fyo has posted an accurate assessment (see 2 posts above) of the situation so I won't bother repeating it. But it sounds like a kernel usb inputdev developer may need to reset the MS usb wireless transceiver.

Vish (vish) wrote :

 Thank you for bringing this bug to our attention. Unfortunately a paper cut should be a small usability issue that affects many people and is quick and easy to fix. I'm afraid this bug can't be addressed as part of this project.

But as fyo has commented, there is no easy/quick fix.

 A paper cut is a minor usability annoyance that an average user would encounter on his/her first day of using a new installation of Ubuntu 9.10.

 For further info about papercuts criteria , pls read > https://wiki.ubuntu.com/PaperCut

 Don't worry though, This bug has been marked as "invalid" ONLY in the papercuts project.

Changed in hundredpapercuts:
status: New → Invalid
antistress (antistress) wrote :

maybe Bug #61561 is related ?

Vish (vish) on 2009-08-18
affects: hundredpapercuts → null

I think the option is realy needed because in my case it not MSmouse-speciefec issue.

I have a macbook with osx and ubuntu machine.
They are connected with Synergy. And macbook is server for synergy.

The scroll speed is insane even if i use touchpad.

I'm understand that this can be a Synergy bug but if we have such adjustment in Control Center it will solve my problem.

Sorry for my bad english.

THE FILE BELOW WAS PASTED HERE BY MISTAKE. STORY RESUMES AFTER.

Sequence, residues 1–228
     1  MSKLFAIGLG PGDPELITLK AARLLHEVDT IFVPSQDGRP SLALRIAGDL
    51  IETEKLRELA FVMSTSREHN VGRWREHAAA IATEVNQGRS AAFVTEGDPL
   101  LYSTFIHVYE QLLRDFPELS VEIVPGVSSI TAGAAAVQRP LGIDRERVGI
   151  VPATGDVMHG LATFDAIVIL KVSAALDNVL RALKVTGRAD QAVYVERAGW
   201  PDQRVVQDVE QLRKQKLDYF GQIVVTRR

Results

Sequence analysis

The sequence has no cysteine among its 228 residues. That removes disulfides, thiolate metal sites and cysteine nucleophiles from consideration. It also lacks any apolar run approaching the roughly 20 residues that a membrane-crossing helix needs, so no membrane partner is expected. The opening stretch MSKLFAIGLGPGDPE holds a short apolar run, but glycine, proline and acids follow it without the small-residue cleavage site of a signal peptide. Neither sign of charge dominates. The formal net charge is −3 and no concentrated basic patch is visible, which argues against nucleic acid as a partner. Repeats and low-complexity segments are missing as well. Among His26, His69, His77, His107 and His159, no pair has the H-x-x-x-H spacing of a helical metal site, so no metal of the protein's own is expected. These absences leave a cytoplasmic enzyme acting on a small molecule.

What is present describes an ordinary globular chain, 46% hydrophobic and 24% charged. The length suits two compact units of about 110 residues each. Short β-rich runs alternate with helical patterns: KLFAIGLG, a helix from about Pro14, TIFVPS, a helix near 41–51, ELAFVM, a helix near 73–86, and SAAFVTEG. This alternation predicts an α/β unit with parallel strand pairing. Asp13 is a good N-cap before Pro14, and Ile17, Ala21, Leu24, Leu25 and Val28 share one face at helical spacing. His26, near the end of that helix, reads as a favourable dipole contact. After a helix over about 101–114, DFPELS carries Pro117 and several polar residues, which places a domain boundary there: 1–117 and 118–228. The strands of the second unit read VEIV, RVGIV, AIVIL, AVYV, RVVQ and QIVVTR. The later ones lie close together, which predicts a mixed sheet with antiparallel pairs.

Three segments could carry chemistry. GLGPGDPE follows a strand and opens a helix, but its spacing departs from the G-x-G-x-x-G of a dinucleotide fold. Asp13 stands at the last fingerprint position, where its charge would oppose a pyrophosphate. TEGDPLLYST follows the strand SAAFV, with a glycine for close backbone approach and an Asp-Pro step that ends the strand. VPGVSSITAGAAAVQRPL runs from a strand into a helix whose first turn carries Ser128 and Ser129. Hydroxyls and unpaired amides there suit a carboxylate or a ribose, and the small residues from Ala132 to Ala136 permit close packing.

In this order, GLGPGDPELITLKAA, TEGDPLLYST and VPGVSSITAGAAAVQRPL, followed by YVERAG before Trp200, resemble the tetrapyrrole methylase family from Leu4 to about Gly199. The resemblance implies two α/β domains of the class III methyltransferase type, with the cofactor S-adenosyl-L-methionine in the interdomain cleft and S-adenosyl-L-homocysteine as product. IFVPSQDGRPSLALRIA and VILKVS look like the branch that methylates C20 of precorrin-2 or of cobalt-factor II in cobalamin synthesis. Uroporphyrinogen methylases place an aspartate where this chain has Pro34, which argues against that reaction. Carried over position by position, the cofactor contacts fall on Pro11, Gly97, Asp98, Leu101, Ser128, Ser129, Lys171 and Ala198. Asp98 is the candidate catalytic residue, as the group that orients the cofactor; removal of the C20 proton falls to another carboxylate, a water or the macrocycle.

Nowaker (nowaker) wrote :

Indeed. Three lines of scroll is to less for me. This should be configurable via anything - xorg or Gnome, but configurable. For now, there is no way to change it.

Xebec (vkleban) wrote :

It kinda did not bother me before, since I used Firefox, which had its own config. Since I swatched to Chrome, I really want this problem to be fixed.

Adam (adam-jackman) wrote :

I have a Microsoft Wireless 5000 mouse and this issue makes it nearly impossible to use the wheel fro scrolling. I do dual boot for games, so I will have a look from the windows side for a resolution too.

chriz (christian-seipel) wrote :

I'm having a Microsoft Wireless 6000 mouse and have the same issue as Adam. After shutting down windows and boot into ubuntu the mouse wheel is unusable for scrolling.

But in my case I found a solution. After booting ubuntu I'm pulling out the wireless USB receiver of the mouse an plug it in after some seconds. This helps getting the normal scrolling speed back in my case.

Lifyre (lifyre) wrote :

I can confirm that removing the USB reciever and replacing it on a Microsoft Wireless 6000 fixes the issue. The scroll rate is 10 times faster before doing this fix.

Changed in gtk:
importance: Unknown → Wishlist
Daniel Ferguson (dferguson) wrote :

+1 to dmitry's comment above.

Using OSX as a synergy server and gnome as a client - using the two finger scroll gesture on the MacBook touch pad sends a large number of scroll events to gnome.

Definitely something that could be fixed on synergy but having a sensitivity setting would fix it for every situation.

Alpha Crasher (ah734) wrote :

Pascal and company,

The only wish-list the lack of scroll wheel adjustment belongs on is Microsoft's wish-list - as in they wish it never happens.

If you want people, end users, to migrate to Linux, then the LAST thing you want is to make the controls uncomfortable.